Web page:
A new report released by the Global Energy Monitor warns that a global increase in the production and use of natural gas could have just as bad an impact on global warming as coal, putting the industry on a collision course with the 1.5°C (2.7°F) target set by the Paris Climate Agreement.
Released on July 1, the report outlines $1.3 trillion in natural gas industry plans around the globe to expand gas production, but warns that this expansion runs contrary to recommendations by the UN’s International Panel on Climate Change (IPCC) that “in order to limit warming to 1.5°C above pre-industrial levels, gas use must decline 15% by 2030 and 43% by 2050.”
Although both the popularity and economic viability of coal as an energy source is steadily waning, the report, prepared by the Global Fossil Infra-structure Tracker and titled “The New Gas Boom: Tracking Global LNG Infrastructure”, warns that increased use of natural gas may have just as great an impact on global warming as its dirtier counterpart might.
“Measured by global warming impacts, the scale of the LNG [liquefied natural gas] expansion under development is as large or greater than the expansion of coal-fired power plants, posing a direct challenge to Paris climate goals,” the report’s executive summary states. The chief component in natural gas is methane, a potent greenhouse gas that has been responsible for 25% of the increase in global temperatures to date.
As an energy source, natural gas produces fewer carbon emissions than oil and coal, although it still sports a less-than-pristine halo: natural gas produces 25–30% less carbon per unit of energy than oil (and 40–45% less than coal), meaning that although the switch to natural gas is responsible for carbon emission reductions in many regions, it is far from the magic pill we need to combat global warming. Additionally, a 2018 study concluded that the leakage rate for the U.S. gas system was 2.3%, 60% higher than the figure previously used by the U.S. government in major natural gas assessments.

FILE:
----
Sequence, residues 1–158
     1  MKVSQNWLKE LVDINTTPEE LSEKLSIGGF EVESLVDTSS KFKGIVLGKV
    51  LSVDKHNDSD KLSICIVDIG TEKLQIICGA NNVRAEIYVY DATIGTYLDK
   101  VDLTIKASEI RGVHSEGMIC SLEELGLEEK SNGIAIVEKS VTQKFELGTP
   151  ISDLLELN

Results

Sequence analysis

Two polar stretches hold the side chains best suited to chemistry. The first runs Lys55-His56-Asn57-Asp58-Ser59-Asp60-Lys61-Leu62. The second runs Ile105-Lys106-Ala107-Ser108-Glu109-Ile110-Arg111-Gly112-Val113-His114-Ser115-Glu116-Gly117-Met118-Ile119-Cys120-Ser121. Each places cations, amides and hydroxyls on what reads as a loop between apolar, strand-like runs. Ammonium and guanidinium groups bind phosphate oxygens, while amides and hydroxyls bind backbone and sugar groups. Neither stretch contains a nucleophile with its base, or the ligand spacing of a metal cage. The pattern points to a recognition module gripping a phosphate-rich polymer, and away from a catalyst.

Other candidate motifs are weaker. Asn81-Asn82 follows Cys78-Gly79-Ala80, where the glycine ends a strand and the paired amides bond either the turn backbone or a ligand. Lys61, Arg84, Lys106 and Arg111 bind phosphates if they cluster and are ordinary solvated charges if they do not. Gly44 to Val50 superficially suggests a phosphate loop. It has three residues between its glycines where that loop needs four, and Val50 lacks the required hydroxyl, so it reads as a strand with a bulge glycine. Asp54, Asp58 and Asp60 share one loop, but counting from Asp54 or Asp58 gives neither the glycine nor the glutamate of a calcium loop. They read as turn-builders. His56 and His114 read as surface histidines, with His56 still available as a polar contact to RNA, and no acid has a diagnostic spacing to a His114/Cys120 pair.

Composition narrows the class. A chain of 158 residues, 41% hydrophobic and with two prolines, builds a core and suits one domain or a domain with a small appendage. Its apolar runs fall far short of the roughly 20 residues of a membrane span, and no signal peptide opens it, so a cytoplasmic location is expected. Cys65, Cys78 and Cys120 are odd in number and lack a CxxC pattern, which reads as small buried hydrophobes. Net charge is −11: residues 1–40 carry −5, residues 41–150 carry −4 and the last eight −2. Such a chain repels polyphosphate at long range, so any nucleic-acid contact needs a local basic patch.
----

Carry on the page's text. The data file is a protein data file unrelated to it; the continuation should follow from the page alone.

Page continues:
“If you have leakage of methane along any step of the way, you can really undermine your case for this being a good solution carbon-wise,” said Roman Kramarchuk, head of scenario policy and technology at S&P Global Platts.
The leaks that occur during the production, storage and transport of natural gas contribute to the growing concentrations of methane in the atmosphere, a powerful greenhouse gas that can have 84 times the global-warming potential of CO2 over a 20-year period. This means that even small leaks can go a long way toward contributing to the problem of a warming planet.
“We know that LNG is not a good answer climate-wise,” according to Ted Nace, founder and director of the Global Energy Monitor. “It might even be pretty foolish financially — for all the reasons that coal turned out to be a bad investment 10 years ago.”
The report states that there is a total of $1.3 trillion proposed for the expansion of LNG terminals in 42 countries, with 70% of those funds (representing 74% of proposed new capacity) earmarked for the U.S. and Canada alone. The global shift toward renewable sources of energy is placing these industry plans at risk, potentially making many planned LNG projects “unprofitable in the long term.” However, the report states that “only 8% of terminal capacity under development has entered construction, there is still time to avoid overbuilding.”